Many of our readers have been following the Guest Views written by former editorial assistant and freelance writer/photographer Mark Reccek, documenting his battle with cancer.
Although a very private person, Mark felt it was important to share his journey with the readers and the many friends he had acquired through his work at The Press.
On Dec. 17 , Mark lost the fight.
Mark was well-educated with multiple degrees, one being a law degree. He was studying to take the bar exam to become a lawyer to represent those who could not represent themselves.
He was a quiet, compassionate soul who touched the lives of many of our readers.
One of his favorite stories, I believe, was when he interviewed Charlene Piskula, of Coplay, and her golden retriever therapy dog, Sirius. At that time, I’m sure he didn’t know how important it would be to have Piskula and Sirius attend his first radiation appointment at Lehigh Valley Hospital-Muhlenberg.
“Both Sirius, a gentle golden retriever, and Charlene provided me with a sense of comfort and helped me relax during the appointment,” Mark wrote. “I also got to witness firsthand the positive and therapeutic impact Sirius has on those battling cancer. The eyes of one elderly woman awaiting treatment lit up and a bright smile emitted from her face as Sirius sat next to her. As she gently pet Sirius, I could sense the woman was feeling more at ease with where she was.”
Mark was working on a story for me when his health took a turn for the worse; unbeknownst to me, when he emailed his notes, he was in a hospital bed.
Through Mark’s connections, my son was able to interview two employees of Google in California for his graduation project in 2014. We will be forever grateful. But that was Mark – always trying to help someone.
When there was a fire in his apartment building years ago, all of his furniture and belongings were ruined. His co-workers and friends tried to give him furniture, televisions and money – none of which Mark wanted. He said he lived very simply and that was fine with him.
I know there are many of our readers who are also dealing with the loss of a loved one during the holidays.
Many of the churches in our area provide “Blue Christmas” services, which are held on or near Dec. 21, the longest night of the year. According to Rev. Nancy C. Townely, of Ministry Matters™, “Following this date, daylight seems to be returning for more and more of each day. On this night, or anytime this service is presented, we remember those for whom the holidays are not joyful; they are lonely, in mourning, feeling alienated and cast apart from family celebrations; they are experiencing depression and sadness and yet are often compelled to ‘put on a happy face’ for others, denying their true feelings.”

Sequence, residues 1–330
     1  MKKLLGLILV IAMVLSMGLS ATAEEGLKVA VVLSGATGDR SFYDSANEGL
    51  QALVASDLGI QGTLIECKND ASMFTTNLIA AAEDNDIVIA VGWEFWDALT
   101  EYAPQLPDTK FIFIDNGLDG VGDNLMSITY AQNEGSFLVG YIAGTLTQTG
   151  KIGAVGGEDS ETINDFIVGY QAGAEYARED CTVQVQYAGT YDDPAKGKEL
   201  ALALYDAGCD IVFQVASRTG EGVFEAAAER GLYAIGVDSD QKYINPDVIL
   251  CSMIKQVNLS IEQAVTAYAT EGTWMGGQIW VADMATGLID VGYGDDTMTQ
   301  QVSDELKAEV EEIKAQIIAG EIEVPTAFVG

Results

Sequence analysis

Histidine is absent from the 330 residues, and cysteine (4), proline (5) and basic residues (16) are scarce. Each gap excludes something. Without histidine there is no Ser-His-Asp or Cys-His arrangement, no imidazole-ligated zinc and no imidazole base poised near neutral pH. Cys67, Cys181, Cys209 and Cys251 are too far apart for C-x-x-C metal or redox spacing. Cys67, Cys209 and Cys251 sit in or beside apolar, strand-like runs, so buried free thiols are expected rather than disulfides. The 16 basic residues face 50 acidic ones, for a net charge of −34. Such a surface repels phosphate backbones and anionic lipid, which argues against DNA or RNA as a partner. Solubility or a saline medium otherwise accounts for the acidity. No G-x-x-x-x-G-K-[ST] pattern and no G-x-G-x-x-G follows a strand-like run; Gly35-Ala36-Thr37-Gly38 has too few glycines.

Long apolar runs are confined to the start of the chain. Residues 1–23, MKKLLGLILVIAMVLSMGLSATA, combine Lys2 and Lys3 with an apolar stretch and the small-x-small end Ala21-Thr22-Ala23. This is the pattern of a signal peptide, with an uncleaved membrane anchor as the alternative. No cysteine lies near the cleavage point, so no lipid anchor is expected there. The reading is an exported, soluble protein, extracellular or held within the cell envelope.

Sylvia S. Havlish, M.Ed., bereavement counselor for 40 years, coordinator of bereavement ministries, Lutheran Congregations Services and bereavement counselor for St. John’s Lutheran Church, Emmaus, offered some advice for managing grief during the holidays.
• Remember that just as there is no right or wrong way to grieve, there is no “correct” way to mark a holiday.
• Lean into the feelings of grief ... don’t avoid them. You’re not trying to avoid grief ... you’re trying to avoid pain.
• Make new plans for this holiday. Evaluate the parts of your traditions that you want to “keep” and those that you might change.
• Go in with a “game plan.” Always build a “plan b” into the day to meet up with friends in case being alone becomes overwhelming.
• Externalize your loss. Say a prayer, light a candle, make an ornament, donate money in your loved one’s name, share funny stories.
• Be gentle with yourself. Don’t do more than you want and don’t do anything that does not serve your soul (from the website grief.com).
One of Havlish’s favorite authors on grief stated, “I have found that grief is the shadow of love. It only exists because there was love. So grief is embraced as a close friend; not as a place to stay ... but a place to rest a while when I need to.”
“You hope you have a good listener in your life who will listen and allow you to express your feelings,” Havlish said. “The only words you need when you are trying to help someone who is grieving is ‘tell me about it’ and then quietly listen.”
Havlish also said getting your feelings out is the first step to dealing with grief.
So thank you, Mark, from your co-workers and the many readers of The Press, for your compassionate journalism. Although your family and friends will miss you desperately, what a wonderful celebration it will be in Heaven, rejoicing on the birth of Christ, Dec. 25.
East Penn Press